With a history spanning well over two centuries, it Greek influence across southern Italy (Magna Graecia) and Sicily is known, but there is nowhere more pronounced then La Grecìa Salentina (Salentine Greece), a collection of nine villages that is a hub for the local Greek dialect known as Griko.
Recently, Greek President Katerina Sakellaropoulou visited the area and was warmly welcomed by the local population.
Due to proximity and both geographic and political ties, Italy has hosted many diaspora and autocephalous communities. The Greek communities of Salento and Calabria in southern Italy are, however, fundamentally different.
Greeks settled in southern Italy in ancient times, and their communities remained intact and loyal to the Byzantine Emperor until the Arabs evicted imperial rule from Sicily and the Normans from southern Italy.
The last enclave, Bari, fell to the Normans in 1071, and except for a brief occupation of Ancona one hundred years later, Byzantine rule never returned and southern Italy became, to use the Greek term, a hameni patrida, lost homeland. But not a diaspora.
These nine villages are collectively known as La Grecìa Salentina (Salentine Greece) or, in the local dialect of Griko, “ta ennia choria.” Here, aspects of the Greek language and culture have survived over the centuries.
The other hellenophone area of Italy, La Grecia Bovesia, centred on the Calabrian hill town of Bova, also speaks a version of Griko.
Crossing the boot of Italy and the central Apennine Range, the Adriatic port of Bari is an obvious destination for two reasons. First, Byzantium’s political presence in Italy expired here in 1071, the last outpost to fall to the Normans.
Then, there is Saint Nicholas, whose corpse was taken from Asia Minor by Bariot sailors and now lies in a crypt at San Nicola di Bari Basilica, a lovely Catholic Church in Bari’s old centre.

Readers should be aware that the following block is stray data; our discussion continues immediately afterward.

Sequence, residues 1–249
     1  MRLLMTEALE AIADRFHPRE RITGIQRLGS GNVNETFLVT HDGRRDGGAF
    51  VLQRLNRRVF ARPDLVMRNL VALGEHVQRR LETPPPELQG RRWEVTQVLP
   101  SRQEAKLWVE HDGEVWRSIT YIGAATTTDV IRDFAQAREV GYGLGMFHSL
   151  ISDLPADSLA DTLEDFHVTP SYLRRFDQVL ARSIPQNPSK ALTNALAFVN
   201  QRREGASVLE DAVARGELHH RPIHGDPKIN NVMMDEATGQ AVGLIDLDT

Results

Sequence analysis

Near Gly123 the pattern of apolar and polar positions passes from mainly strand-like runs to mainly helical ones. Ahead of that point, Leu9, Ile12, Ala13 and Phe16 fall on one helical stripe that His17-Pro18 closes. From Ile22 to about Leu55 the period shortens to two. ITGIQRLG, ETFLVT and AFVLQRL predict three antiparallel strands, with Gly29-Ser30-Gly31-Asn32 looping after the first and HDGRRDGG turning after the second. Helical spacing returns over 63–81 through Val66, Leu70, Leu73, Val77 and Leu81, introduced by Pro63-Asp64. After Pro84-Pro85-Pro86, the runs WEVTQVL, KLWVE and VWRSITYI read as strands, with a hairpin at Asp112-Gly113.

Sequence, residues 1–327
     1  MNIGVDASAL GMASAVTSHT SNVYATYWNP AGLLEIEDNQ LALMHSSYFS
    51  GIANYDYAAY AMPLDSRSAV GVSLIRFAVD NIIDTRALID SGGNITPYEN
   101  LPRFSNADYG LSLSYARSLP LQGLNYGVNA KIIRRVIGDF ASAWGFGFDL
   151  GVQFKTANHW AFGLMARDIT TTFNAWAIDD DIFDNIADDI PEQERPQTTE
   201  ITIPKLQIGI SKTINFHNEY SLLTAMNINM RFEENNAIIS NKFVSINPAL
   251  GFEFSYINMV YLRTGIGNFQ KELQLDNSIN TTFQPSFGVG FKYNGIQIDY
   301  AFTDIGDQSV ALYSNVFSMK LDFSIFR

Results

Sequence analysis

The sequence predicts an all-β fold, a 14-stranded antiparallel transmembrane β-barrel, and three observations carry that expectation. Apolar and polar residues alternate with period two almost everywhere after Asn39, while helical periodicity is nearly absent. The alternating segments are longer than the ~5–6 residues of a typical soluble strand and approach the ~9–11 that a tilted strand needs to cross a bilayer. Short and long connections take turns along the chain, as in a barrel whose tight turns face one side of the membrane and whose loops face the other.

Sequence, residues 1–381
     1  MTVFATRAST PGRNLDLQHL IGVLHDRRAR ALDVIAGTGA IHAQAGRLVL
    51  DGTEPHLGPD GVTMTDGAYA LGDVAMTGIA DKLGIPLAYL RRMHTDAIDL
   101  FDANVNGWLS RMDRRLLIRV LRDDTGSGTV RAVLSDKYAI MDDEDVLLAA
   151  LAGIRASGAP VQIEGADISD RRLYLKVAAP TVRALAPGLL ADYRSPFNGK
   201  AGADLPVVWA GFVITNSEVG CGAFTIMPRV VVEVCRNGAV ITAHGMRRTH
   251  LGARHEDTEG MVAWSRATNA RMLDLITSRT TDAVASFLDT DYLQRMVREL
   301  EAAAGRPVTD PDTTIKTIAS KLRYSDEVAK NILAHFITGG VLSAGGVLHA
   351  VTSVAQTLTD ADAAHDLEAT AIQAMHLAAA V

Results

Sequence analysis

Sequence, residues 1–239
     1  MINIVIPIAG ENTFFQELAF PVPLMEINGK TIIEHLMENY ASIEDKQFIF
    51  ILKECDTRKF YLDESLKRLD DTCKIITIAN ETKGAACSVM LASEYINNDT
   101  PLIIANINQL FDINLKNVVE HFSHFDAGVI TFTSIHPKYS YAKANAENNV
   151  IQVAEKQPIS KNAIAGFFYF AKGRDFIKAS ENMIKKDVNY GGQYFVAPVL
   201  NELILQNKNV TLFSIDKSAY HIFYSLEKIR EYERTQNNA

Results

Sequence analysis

As the patron saint of sailors, Saint Nicholas and the male and female versions of the name Nicholas are ubiquitous in Greece, and to a lesser extent, in other Orthodox countries.
In a gratifying show of inter-Christian solidarity, the Crypt itself houses an Orthodox chapel, where, when I visited, two Russian monks were deep in prayer, their Slavonic cadences transporting Bari back to the Byzantine bosom, if only in supplication and incense.
Though the Crypt and the earthly remains of Saint Nicholas moved me greatly, Bari generally left me a bit non-pulsed. It seemed a typical Mediterranean port, somewhat seedy, with few monuments recalling the particular Byzantine past. This is why you need to head south, into Salento, to find a living link to the Byzantine past and to Hellenism in general.
Grecìa Salentina, a small oasis of Greek language and culture
The autostrade runs through the middle of the Italian “Heel,” and only a few signs alert the driver that he is passing through Grecìa Salentina, a small oasis of Greek language and culture in the middle of the Salentine Peninsula.
Pulling off to one of them, the village of Calimera, one can be greeted by the town name and be welcomed with “Kalos Irtet,” the local greeting in the Griko dialect.
The nine towns of Grecìa Salentina were part of a larger Greek language area that receded with time, and for the most part, the towns, lovely, whitewashed affairs amid olive groves clustered around a baroque church bell tower, all looked the same.
The colours were the same as in Greek islands, and even the church towers recalled places in Greece which had experienced Venetian rule, such as Naxos or Corfu.